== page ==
Opinion: Dear Government, you don’t know what’s best for me, so butt out

Dear Government, you don’t know what’s best for me

So stop trying to tell me what is “good” or “bad” because that is not your place nor is it your responsibility to do so.

The Thai government led by the incompetent-military-only-good-at-taking-orders Prayut Chan-ocha has been operating like the typical strict Asian parent, prohibiting us from the things they think are “bad” for us, claiming that it’s the way to keep us all safe and be “good people.” They think having strict orders and following them as a way to protect us and so we don’t end up like the “neighbour’s kid”.

The truth is, dear government, you’ll never be able to stop us from being exposed to all these “bad” things. I grew up in a family that allowed me to ask questions, to make decisions of my own. My parents would say things like “why do you think that’d be good for you?”, “I’m sure you’ve already thought it through and I trust you to make the best choice for yourself”.

My parents would metaphorically give me a low fence, so that I would know where the “safe” area is, however I was allowed to hop out and back in as much as I wanted. I still got to see the outside world behind that low fence, I was “exposed” to the “bad” things, the “sins” and also as well as to the “good”, and the “right” things since I was young.

It’s a common physiological fact that the more you tell someone no, the more they would want to go there and explore that zone. Especially to teenagers. Growing up like that gave me the freedom to decide for myself what I see fit for my life. Of course, I still make the “wrong” decisions from time to time. The point is not to never do anything wrong, but to do something wrong and learn from it, in order to make better decisions and choices next time. Prohibiting me to explore both options—good and bad—will just make me “unequipped” to make the “right” decisions.

It’s impossible to not be exposed to all the “vices”, especially in a country like Thailand, and with the internet being so easy to access these days. Back in January this year, when the government was giving out money to people to help with the financial impact from COVID lockdown, they had to do it via Rao Chana. It had to be used at shops that accept this “currency” only. Why? According to deputy prime minister Supattanapong Punmeechaow , he was afraid that we would spend that money on alcohol and gambling.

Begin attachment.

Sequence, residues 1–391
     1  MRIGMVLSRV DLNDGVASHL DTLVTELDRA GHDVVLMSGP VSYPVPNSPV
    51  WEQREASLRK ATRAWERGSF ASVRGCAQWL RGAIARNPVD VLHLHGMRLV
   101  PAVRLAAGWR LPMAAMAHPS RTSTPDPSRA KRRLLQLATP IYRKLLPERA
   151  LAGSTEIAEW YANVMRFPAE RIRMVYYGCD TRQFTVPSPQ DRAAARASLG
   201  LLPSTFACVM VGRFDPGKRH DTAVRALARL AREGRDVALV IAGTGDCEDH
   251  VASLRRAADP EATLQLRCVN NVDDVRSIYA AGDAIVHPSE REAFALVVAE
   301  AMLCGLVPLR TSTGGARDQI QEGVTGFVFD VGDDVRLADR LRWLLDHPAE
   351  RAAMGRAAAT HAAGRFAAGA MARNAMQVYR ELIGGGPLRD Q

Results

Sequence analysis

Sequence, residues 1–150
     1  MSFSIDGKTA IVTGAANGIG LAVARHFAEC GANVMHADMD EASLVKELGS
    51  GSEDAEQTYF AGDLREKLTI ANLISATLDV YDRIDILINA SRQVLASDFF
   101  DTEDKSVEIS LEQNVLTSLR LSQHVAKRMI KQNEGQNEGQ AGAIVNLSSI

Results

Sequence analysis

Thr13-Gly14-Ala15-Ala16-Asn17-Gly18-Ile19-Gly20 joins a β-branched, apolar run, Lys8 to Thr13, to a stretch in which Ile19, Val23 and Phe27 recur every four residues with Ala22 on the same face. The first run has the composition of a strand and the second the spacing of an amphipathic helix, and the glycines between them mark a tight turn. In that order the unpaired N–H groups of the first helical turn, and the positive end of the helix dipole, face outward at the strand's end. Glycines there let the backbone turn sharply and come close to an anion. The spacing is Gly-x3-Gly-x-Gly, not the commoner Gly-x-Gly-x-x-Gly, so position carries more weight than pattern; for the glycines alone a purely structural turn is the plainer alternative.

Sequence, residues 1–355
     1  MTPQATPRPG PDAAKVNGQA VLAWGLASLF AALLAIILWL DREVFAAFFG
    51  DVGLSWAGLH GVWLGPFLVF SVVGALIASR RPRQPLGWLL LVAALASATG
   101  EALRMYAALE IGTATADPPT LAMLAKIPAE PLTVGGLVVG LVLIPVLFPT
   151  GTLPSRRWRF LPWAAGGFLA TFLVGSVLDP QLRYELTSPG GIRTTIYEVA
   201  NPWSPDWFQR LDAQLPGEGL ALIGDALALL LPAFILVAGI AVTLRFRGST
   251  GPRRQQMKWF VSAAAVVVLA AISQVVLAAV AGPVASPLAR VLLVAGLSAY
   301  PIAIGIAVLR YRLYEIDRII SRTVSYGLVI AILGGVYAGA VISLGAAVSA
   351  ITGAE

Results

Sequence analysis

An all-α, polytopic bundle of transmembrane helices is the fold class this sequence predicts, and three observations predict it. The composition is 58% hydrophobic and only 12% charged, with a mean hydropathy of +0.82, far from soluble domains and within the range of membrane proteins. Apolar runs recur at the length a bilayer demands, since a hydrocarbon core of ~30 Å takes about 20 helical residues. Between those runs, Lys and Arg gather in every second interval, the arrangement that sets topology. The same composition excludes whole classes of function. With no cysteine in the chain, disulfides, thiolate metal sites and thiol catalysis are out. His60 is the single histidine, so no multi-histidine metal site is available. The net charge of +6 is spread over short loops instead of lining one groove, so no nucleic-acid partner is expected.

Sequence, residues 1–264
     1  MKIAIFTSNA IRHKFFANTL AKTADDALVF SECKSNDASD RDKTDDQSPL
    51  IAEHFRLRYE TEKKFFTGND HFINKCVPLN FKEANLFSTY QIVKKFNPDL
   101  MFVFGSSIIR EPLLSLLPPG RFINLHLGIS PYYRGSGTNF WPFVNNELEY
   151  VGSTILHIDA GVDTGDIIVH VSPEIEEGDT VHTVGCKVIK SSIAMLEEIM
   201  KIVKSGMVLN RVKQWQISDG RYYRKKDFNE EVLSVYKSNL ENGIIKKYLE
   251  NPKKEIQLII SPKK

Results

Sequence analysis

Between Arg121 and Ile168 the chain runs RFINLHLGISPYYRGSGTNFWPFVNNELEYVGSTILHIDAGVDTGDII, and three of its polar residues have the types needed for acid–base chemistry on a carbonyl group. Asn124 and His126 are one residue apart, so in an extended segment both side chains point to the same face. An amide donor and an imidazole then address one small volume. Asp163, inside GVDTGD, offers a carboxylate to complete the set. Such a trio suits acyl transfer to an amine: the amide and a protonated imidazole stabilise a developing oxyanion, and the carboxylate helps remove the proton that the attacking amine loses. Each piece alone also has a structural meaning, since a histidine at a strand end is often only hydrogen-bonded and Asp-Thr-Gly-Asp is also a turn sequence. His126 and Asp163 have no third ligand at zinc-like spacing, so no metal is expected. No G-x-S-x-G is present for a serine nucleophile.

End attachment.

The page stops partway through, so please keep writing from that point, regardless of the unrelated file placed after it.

I had my first beer with my mum and aunties when I was 13. My mum said if I wanted to try some alcohol for the first time, it was best to try it with her, so I would be in a safe environment and I could ask any questions about drinking that I may have had, instead of figuring it out with my other teenage friends. And where did that land me? I worked as a Nightlife Writer for BK Magazine for years and founded the bar awards for Bangkok during my days there, where I debuted my career as a writer. I’ve been learning about growing berries and other plants organically on my balcony, the same concept of how a winery would grow the grapes for their natural, organic, or biodynamic wines – healthy insect life, clean soil, to name a few. Because I just really love natural wines and the wonders of growing grapes so clean in order to produce a bottle of natural wine. Drinking alcohol for the first time at 13, did not make me become a poor, jobless alcoholic who is stressed about life, like the Thai government keeps trying to paint “drinkers” to be.

จน เครียด กินเหล้า, as their slogan goes.

It has been over 300 days that Thailand has banned alcohol sales and ordered bars to close because the government doesn’t think that we could be responsible drinkers during the pandemic.

The latest dilemma was about น้องไข่เน่า the 19 years old girl who was making content with her 20 years old boyfriend on OnlyFans – an online platform popular among sex workers around the work to make money during the pandemic by uploading 18+ content on their accounts and people can subscribe. The authorities arrested them during the night, using them as an example of “bad” people. Which is very familiar if you happen to be Thai, growing up in a conservative Thai family with parents who like to compare their own children to the neighbours’ kids. Pointing their fingers at which behaviour they think is good, and which is bad, and condemning the “bad” kids like, “don’t be like them, see? They end up getting arrested.”

Living in Bangkok near to the nightlife areas like Soi Cowboy, Soi Nana, or Patpong, it’s impossible not to be familiar with the sex work in this city. Dear government, teach us safe sex, and to respect the sex workers and/or our partners, instead of telling us not to wank.

So what would be the right way for the people of Thailand to make a “good” or “right” decision for ourselves? Start teaching critical thinking in schools. Stop telling us “what” to think and start teaching us “how” to think and form our own opinion and decision of what’s “best” for us via critical thinking skills instead.

Critical thinking skills will be the only way you can protect us, and not from prohibiting us from “bad” things. Because eventually, we will be exposed to all the “vices” and sins”. No one can protect anyone from this forever – not even our parents. And definitely not you, dear government. Being able to think for ourselves instead of following orders will come in handy when we are faced with a situation where we need to make any decisions.

So all things considered, dear government, it’s not your place to be telling us what’s “best” for us. Frankly, you don’t really know us well enough (or at all) to be telling us what’s “best” for us. So stop being so authoritative, when you yourselves, can’t even set a “good” example for anyone in this country.

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